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Olympic dreams: A Greek gift to humanity

The Olympics were more than just an athletic event: they were a means to develop the mind, preserve freedom, and promote unity.

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If you can escape the toxic vortex of the twenty-first century and dream of a time our world was being born, you would have to travel to ancient Greece.
Hellas
Hellenes (Greeks) have always called their country Hellas (Greece). However, Hellas was not one country but something like a couple of thousands small states spread all over mainland Greece and the Mediterranean. Hellas was the Greek United Nations: employing the diplomatic niceties of peace but perpetually bickering and, often, fighting border conflicts and, sometimes, real wars.
Yes, the Greeks of hundreds of states were one people with the same language, piety for the same Olympian gods, and similar traditions like reading Homer and investigating the natural world and the heavens.

Diskobolos of Myron, the thrower of the discus in the Olympics and other Panhellenic games. The marble statue dates to the fifth century BCE. Museo Nazionale Romano, Rome. Courtesy Wikipedia.


Athletics
The best of the Greeks, including Homer, embraced the education of the mind. But they also added athletics as an end and a means to an end: educating the Greeks to live well and preserve their freedom.
Athletics meant competing peacefully in sprint and long distance footraces, the throwing of discus and the javelin, jumping, wrestling, boxing and horse and chariot races in order to tame the violent in human nature while, at the same time, honoring the gods that made their athletic and other achievements possible.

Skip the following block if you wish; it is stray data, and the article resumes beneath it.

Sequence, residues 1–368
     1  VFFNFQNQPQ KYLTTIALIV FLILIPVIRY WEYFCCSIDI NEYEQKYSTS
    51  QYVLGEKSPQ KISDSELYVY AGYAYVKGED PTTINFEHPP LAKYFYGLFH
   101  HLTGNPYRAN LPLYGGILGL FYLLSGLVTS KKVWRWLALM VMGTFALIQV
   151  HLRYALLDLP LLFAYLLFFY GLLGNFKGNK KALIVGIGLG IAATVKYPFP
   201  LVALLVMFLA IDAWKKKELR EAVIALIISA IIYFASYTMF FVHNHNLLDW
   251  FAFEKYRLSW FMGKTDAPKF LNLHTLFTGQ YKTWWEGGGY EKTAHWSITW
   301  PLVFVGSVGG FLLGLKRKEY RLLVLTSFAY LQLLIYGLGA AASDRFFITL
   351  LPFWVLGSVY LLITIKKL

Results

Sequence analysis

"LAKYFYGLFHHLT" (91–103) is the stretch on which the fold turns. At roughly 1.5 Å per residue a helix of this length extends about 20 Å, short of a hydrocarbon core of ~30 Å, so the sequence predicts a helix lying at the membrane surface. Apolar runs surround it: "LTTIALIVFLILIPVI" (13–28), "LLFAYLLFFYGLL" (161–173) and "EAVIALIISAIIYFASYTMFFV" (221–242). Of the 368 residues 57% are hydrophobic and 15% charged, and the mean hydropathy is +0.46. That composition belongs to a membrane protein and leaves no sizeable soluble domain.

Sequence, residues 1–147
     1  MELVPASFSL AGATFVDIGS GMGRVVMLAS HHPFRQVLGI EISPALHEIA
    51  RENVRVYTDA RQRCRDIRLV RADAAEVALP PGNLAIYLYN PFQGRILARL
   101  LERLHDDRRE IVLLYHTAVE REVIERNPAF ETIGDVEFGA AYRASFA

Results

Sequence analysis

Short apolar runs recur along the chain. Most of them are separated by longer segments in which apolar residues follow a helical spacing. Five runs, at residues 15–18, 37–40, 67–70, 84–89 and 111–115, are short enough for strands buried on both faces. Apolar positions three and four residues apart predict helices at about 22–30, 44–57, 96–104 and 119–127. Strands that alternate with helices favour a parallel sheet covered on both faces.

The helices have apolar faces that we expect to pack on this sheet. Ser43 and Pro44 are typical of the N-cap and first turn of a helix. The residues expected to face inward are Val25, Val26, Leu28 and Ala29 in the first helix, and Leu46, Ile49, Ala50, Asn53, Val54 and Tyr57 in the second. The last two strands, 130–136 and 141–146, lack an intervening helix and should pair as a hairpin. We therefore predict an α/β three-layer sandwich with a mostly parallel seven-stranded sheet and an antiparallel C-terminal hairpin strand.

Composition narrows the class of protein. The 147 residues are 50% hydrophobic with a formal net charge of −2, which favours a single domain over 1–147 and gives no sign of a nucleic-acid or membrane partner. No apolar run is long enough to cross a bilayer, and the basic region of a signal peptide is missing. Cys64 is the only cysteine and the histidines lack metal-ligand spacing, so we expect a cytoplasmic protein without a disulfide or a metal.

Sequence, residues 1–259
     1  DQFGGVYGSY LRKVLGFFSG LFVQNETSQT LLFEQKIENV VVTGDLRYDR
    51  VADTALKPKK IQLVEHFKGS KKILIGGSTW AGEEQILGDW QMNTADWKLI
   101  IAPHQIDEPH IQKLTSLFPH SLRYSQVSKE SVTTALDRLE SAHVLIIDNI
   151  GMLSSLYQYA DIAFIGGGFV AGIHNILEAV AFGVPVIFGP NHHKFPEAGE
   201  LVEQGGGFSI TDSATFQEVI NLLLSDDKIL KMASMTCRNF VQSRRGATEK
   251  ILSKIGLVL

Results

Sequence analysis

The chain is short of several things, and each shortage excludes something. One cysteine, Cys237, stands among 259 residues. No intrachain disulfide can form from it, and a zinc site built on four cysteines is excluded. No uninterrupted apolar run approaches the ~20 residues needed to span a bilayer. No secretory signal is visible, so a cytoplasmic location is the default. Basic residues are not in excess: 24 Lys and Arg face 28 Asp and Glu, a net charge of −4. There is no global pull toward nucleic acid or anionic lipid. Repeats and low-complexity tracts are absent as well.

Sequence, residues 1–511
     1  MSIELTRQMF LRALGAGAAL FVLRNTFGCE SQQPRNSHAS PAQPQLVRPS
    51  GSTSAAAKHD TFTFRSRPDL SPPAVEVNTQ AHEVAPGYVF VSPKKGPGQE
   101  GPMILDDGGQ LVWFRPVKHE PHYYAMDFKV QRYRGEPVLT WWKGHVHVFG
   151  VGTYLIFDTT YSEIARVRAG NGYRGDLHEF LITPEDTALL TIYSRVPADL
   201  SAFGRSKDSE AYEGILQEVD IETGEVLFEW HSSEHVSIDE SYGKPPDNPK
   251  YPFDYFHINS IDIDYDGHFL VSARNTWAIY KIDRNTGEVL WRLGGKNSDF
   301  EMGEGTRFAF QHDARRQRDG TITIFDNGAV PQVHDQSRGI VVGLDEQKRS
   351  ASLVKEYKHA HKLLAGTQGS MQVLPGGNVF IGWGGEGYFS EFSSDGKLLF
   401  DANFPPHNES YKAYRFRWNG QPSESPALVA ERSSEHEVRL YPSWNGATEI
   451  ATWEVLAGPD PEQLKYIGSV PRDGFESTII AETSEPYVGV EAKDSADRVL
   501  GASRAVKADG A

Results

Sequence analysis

The religious dimension of Greek athletics was ancient and powerful. It’s impossible to separate athletics from the worship of the gods. The Olympics celebrated Zeus; the games at Delphi honored Apollo; the Isthmian games in Corinth centered on Poseidon; in Nemea and Dodona in Epiros in northern Greece, Zeus was the divine sponsor of the games.
Pausanias, a Greek doctor from Asia who toured Greece in the second century, said that Greece was a land full of sights and memorable stories. But nothing in Greece did Zeus bless more than the Olympic Games (Guide to Greece 5.10.1).
The sibling to athletics was the cultivation of the mind with works of civilization: reading and writing, geometry, astronomy, philosophy, poetry, theater, sculpture, painting, architecture, and technology.
The Academy of Plato and the Lyceum of Aristotle included a palaistra (wrestling) school for the vigorous physical education of the students.
The Greeks knew they had to find a way out of strife and civil wars. Enemies surrounded most of their small poleis. If they failed to tone down their aggressive competitiveness, they were doomed.

Gold coin representing Zeus from Lampsakos, a polis in the Troad in northwestern Asia Minor (Greek Ionia). Coin dares to about 360 BCE. Courtesy Wikipedia.


Who founded the Olympics?
Herakles offered an alternative way to the politics of hubris. He was born in Thebes as the son of Zeus and a mortal mother, Alkmene. He was a powerful demigod with great virtues and tremendous courage and fortitude. He became the greatest hero of the Greeks through good works: killing monsters and evildoers. He served the common interest.